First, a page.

|Publication number||US4531142 A|
|Application number||US 06/466,921|
|Publication date||Jul 23, 1985|
|Filing date||Feb 16, 1983|
|Priority date||Mar 10, 1982|
|Also published as||DE3208638A1, DE3208638C2|
|Publication number||06466921, 466921, US 4531142 A, US 4531142A, US-A-4531142, US4531142 A, US4531142A|
|Inventors||Claus Weyrich, Guenther Ziegler, Ludwig Hoffmann, Dietmar Theis|
|Original Assignee||Siemens Aktiengesellschaft|
|Export Citation||BiBTeX, EndNote, RefMan|
|Patent Citations (1), Non-Patent Citations (2), Referenced by (36), Classifications (10), Legal Events (6)|
|External Links: USPTO, USPTO Assignment, Espacenet|
1. Field of the Invention
The present invention relates to a light emitting diode, and particularly relates to a light emitting diode consisting at least in part of silicon carbide layers.
2. Description of the Prior Art
A light emitting diode consisting of layers of silicon carbide is known in the art which exhibits a mesa structure. This structure consists of a densely doped p-conductive substrate body consisting of silicon carbide, for achieving a low track resistance, having a surface on which a first epitaxially deposited layer consisting of silicon carbide with aluminum doping is grown. A second layer of silicon carbide, doped with aluminum and nitrogen so as to be n-conductive is disposed on the first silicon carbide layer. The actual mesa structure is formed not only by the two layers, but also by a significant portion of the substrate body, with portions of the substrate body surrounding the layered mesa being removed. One electrode is applied to the top-most layer of the mesa structure for supplying a bias current to the device. A cooperating electrode is formed by metallization of the side of the substrate body opposite to the side on which the mesa structure is formed.
Such a conventional silicon carbide light emitting diode emits blue light. The light is emitted in a direction radiating away from the substrate body and the mesa structure thereon, as viewed from the substrate body. Luminescent radiation is generated in the transition layer, but is emitted in the direction of the substrate and is largely absorbed in the densely doped silicon carbide substrate body. This lost portion of the radiation constitutes a significant portion of the total luminescent radiation generated at the junction.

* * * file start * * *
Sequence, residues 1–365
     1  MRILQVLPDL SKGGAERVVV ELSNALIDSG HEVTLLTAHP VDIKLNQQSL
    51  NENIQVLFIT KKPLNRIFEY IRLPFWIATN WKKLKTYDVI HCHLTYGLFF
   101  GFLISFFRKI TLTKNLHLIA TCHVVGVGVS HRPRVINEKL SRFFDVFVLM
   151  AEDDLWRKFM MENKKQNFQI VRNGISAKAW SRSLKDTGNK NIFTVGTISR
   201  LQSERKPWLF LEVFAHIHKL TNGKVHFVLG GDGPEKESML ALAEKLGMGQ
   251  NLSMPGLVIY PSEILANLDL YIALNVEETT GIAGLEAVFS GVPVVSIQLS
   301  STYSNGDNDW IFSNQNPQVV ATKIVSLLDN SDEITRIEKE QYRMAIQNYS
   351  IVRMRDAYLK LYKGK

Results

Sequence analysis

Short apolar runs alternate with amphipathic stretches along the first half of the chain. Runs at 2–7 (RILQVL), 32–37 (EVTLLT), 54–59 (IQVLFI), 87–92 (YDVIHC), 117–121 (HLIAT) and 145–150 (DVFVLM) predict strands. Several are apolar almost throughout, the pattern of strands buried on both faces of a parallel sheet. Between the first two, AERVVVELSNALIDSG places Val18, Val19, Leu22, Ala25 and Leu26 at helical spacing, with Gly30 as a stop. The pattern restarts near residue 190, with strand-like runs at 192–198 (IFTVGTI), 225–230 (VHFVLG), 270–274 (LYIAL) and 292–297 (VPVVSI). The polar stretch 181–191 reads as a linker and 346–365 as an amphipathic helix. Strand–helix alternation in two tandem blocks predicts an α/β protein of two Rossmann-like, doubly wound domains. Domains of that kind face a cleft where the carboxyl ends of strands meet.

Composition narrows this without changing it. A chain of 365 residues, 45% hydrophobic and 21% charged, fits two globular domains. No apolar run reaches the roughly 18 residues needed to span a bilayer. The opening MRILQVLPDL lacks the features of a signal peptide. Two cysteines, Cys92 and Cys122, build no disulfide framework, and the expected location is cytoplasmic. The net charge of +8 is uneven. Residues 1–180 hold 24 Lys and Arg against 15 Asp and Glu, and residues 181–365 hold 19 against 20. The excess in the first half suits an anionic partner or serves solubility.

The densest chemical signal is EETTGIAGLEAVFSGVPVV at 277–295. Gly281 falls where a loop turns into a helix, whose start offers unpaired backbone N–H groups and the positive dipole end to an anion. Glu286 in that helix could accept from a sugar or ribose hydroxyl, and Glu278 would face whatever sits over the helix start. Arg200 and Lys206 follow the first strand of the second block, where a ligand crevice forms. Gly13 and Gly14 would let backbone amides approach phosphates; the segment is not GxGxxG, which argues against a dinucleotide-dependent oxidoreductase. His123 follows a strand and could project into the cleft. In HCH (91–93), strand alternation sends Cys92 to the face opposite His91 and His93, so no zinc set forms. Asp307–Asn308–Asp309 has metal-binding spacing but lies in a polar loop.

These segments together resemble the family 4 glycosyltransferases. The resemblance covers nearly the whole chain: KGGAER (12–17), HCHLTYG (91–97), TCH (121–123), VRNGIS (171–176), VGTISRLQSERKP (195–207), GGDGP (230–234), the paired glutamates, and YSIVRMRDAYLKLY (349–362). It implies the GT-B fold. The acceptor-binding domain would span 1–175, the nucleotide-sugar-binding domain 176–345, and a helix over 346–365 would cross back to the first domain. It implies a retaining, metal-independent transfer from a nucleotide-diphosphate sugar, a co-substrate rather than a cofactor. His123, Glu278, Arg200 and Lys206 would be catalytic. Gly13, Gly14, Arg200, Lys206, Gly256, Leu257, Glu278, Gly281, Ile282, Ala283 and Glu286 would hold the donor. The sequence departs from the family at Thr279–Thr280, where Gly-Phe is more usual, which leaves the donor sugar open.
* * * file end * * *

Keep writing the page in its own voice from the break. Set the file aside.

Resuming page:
It is an object of the present invention to provide a light emitting diode comprised of layers of silicon carbide which permits substantially all of the generated radiation to be available for use and thus has a higher light yield than conventional silicon carbide diodes.
The above object is inventively achieved in a light emitting diode having a silicon carbide semiconductor substrate with a first epitaxially grown layer also consisting of silicon carbide (of a first conductivity type) on the substrate body, and a second epitaxially grown layer of silicon carbide (of an oppositely conductivity type) situated on the first layer. The silicon carbide comprising the substrate body is doped at such a low density such that the substrate body is substantially transparent for the luminescent radiation generated at the junction between the first and second layers when the diode is biased. One biasing electrode is connected to the top-most epitaxial layer, and the other corresponding electrode is connected to an exposed portion of the first epitaxial layer.
The use of an electrically insulating or slightly doped substrate body permits radiation emitted at the pn-junction to penetrate into the substrate body without significant absorption therein. In a further embodiment of the invention, the side of the substrate body opposite the pn-junction can be mirrored so that incident light from the pn-junction is reflected back through the substrate body, thus intensifying the normally-emitted light which is radiated in the direction away from the substrate.